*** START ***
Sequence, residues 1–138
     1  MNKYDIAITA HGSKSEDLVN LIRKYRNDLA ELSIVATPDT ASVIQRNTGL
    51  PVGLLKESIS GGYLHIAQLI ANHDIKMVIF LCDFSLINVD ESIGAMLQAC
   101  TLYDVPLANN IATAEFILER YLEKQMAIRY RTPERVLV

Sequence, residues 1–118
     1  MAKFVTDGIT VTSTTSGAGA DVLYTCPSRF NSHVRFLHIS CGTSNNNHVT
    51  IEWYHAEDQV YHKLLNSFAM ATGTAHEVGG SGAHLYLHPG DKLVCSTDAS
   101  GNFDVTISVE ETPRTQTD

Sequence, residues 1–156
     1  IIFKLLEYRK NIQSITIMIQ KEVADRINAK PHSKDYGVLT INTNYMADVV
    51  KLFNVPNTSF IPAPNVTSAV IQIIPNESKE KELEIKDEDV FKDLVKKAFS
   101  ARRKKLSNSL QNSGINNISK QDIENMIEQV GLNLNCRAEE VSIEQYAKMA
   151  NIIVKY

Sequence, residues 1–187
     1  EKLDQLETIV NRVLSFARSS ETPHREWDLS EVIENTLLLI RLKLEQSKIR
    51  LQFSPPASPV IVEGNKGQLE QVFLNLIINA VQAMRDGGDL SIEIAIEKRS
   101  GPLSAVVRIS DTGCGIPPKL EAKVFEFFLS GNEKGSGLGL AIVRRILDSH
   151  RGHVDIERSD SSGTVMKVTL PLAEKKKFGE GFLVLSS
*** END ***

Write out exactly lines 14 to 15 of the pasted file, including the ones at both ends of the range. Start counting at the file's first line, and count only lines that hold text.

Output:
Sequence, residues 1–187
     1  EKLDQLETIV NRVLSFARSS ETPHREWDLS EVIENTLLLI RLKLEQSKIR